- NASA astronaut Christina Koch, who completed the longest space mission ever by a woman, said she “felt like a baby” after returning to Earth.
- The American astronaut spent 328 days on the International Space Station and arrived back on terra firma on February 6, landing in Kazakhstan.
- In a press conference on Wednesday, Koch said she was readjusting well to gravity and aside from a few neck pains and balancing problems, was enjoying life back on Earth.
- The Michigan-born astronaut also revealed she was able to fulfill her cravings for tortilla chips and salsa when she came home to a kitchen stocked with her favorite foods.
- Koch, who left Earth in March last year, took part in the first all-female spacewalk in October with colleague Jessica Meir.
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NASA astronaut Christina Koch said she “felt like a baby” after returning to Earth from a record-breaking 328 days in space, the longest space mission ever achieved by a woman.
Speaking at a press conference on Wednesday, Koch said that aside from a few neck pains and balancing problems, she was readjusting well to gravity and enjoying being back on Earth, CNN reported.
“I felt like a two-week-old who was actually working hard to hold up my own head,” she said, describing her first few days back in gravity.
The Michigan-born astronaut, who returned from the International Space Station (ISS) on February 6, set the record for the longest spaceflight by a woman and also took part in the first all-female spacewalk in October last year.
Koch also revealed that she returned home to Galveston in Texas to a kitchen filled with her favorite food – chips, and salsa – and the first thing she did was relieve her cravings for it.
And then there was this. pic.twitter.com/5D2GVUCfRm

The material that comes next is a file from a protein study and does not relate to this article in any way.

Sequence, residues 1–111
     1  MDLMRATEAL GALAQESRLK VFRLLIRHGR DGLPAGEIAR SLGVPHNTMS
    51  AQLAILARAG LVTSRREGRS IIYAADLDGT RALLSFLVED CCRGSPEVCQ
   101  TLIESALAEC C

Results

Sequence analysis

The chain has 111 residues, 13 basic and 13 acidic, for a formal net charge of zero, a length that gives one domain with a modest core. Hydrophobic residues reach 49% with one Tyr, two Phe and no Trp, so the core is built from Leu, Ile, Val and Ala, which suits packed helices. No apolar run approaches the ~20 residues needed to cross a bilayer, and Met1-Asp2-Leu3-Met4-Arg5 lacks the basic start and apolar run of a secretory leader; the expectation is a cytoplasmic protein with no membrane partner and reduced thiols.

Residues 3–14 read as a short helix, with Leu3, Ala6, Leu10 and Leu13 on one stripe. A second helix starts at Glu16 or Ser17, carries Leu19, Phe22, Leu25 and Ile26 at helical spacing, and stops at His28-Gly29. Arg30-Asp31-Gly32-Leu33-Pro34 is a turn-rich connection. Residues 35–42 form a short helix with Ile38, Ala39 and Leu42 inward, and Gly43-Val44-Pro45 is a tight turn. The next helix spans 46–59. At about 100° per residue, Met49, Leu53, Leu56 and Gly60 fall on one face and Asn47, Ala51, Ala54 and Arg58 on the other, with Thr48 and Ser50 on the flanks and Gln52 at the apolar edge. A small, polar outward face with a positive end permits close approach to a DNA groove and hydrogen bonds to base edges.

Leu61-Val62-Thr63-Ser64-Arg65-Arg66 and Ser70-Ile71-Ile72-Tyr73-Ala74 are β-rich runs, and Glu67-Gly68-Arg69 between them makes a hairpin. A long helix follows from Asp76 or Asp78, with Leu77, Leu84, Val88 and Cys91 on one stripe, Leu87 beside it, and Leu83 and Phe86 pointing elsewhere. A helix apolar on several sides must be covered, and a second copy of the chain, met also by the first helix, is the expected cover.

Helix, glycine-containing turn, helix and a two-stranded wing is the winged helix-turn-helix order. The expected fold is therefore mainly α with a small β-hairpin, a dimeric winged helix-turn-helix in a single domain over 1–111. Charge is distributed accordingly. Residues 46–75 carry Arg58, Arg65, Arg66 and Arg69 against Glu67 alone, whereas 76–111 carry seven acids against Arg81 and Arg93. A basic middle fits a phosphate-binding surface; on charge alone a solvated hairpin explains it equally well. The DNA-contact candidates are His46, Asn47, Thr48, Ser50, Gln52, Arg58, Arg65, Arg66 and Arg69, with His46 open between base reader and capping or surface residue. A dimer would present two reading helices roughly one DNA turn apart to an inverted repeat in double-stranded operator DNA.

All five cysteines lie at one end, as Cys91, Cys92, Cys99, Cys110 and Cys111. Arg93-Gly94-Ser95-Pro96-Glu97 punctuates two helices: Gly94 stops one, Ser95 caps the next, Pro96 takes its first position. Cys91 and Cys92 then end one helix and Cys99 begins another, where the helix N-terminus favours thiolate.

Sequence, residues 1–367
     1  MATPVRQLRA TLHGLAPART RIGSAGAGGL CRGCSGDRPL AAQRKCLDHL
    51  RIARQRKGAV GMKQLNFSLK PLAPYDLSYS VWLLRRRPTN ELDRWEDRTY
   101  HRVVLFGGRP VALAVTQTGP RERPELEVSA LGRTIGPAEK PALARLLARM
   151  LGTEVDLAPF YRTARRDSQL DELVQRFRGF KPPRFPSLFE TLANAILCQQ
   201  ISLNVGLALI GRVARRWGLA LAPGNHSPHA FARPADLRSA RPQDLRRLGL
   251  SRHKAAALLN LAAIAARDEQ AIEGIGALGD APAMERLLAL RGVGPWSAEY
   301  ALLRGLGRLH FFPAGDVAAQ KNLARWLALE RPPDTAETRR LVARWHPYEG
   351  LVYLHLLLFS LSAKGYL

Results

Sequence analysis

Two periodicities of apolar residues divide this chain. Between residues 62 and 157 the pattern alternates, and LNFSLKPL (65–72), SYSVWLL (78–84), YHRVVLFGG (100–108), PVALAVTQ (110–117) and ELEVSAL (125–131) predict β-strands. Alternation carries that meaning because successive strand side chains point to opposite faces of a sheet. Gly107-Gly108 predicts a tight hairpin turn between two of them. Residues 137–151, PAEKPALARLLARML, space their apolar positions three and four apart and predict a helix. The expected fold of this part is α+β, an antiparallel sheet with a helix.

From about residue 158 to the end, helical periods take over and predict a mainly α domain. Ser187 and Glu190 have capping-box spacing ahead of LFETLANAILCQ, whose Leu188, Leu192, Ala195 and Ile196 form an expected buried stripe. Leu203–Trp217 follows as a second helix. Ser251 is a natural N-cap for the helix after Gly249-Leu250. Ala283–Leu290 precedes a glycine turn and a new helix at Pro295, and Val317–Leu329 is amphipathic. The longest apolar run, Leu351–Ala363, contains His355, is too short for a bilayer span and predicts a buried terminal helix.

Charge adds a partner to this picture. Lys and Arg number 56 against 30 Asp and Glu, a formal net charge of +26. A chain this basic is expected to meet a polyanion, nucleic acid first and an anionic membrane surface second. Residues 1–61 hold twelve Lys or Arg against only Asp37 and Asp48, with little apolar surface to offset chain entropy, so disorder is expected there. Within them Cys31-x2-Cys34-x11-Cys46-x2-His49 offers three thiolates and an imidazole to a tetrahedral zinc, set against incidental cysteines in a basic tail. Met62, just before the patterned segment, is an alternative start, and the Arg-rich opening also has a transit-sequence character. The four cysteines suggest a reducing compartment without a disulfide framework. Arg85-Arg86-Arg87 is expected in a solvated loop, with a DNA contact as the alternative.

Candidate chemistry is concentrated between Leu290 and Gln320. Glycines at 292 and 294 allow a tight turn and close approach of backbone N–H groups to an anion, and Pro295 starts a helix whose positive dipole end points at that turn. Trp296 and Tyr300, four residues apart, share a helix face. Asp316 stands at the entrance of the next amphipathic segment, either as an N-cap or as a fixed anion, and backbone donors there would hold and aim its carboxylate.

— Christina H Koch (@Astro_Christina) February 12, 2020
The 41-year-old also couldn’t wait to be reunited with her rescue puppy, LBD, which stands for Little Brown Dog. She made a point of taking it to the beach with her husband, three days after she landed in Kazakhstan, according to Sky News.
“I’m not sure who was more excited to see the other,” she said.
The electrical engineer-turned astronaut said she counted herself lucky to not have suffered more serious ailments.
Astronaut Scott Kelly, who holds NASA’s record for spending 340 days in space – the longest single space flight ever – reportedly still had sore feet and burning skin three months after ending his mission in 2016.
Being in space for long periods of time can affect the human body in many different ways.
Side-effects include a significant loss of bone density and a drop in muscle mass, Business Insider reported last year. The lack of gravity on the International Space Station can also cause astronauts’ hearts to change shape.
“In space, your heart becomes rounder … because there’s no gravity to pump against,” Prof. Kevin Moffat, who specializes in human physiology in extreme environments, told Business Insider.
Currently, three astronauts remain at the space station, including Jessica Meir who took part in the record-breaking all-female spacewalk with Koch last year.
Just before her return to Earth, Koch told reporters: “Oh, how I miss the wind on my face, the feeling of raindrops, sand on my feet and the sound of the surf crashing on the Galveston beach.
“We take daily sensory inputs for granted until they are absent … I cannot wait to feel and hear Earth again.”
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